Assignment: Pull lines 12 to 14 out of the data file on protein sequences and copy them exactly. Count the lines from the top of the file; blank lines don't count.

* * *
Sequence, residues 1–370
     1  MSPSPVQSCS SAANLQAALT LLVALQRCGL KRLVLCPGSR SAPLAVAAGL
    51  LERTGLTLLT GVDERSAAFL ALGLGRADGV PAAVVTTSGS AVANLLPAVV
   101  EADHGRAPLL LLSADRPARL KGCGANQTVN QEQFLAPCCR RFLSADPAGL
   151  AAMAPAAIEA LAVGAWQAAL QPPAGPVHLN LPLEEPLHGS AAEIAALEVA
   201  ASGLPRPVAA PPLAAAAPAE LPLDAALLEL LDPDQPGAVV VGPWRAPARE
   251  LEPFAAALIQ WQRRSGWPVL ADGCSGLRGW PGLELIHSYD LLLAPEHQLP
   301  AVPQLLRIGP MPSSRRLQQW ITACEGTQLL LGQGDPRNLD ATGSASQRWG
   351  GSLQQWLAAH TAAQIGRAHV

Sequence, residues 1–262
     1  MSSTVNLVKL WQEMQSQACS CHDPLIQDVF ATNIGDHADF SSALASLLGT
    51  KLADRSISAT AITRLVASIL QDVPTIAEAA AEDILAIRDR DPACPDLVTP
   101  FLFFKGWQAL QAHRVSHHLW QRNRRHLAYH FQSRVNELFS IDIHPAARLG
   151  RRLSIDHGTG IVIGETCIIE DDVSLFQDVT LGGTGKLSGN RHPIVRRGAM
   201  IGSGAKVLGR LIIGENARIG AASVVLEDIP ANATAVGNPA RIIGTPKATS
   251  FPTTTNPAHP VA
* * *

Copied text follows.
    51  KLADRSISAT AITRLVASIL QDVPTIAEAA AEDILAIRDR DPACPDLVTP
   101  FLFFKGWQAL QAHRVSHHLW QRNRRHLAYH FQSRVNELFS IDIHPAARLG
   151  RRLSIDHGTG IVIGETCIIE DDVSLFQDVT LGGTGKLSGN RHPIVRRGAM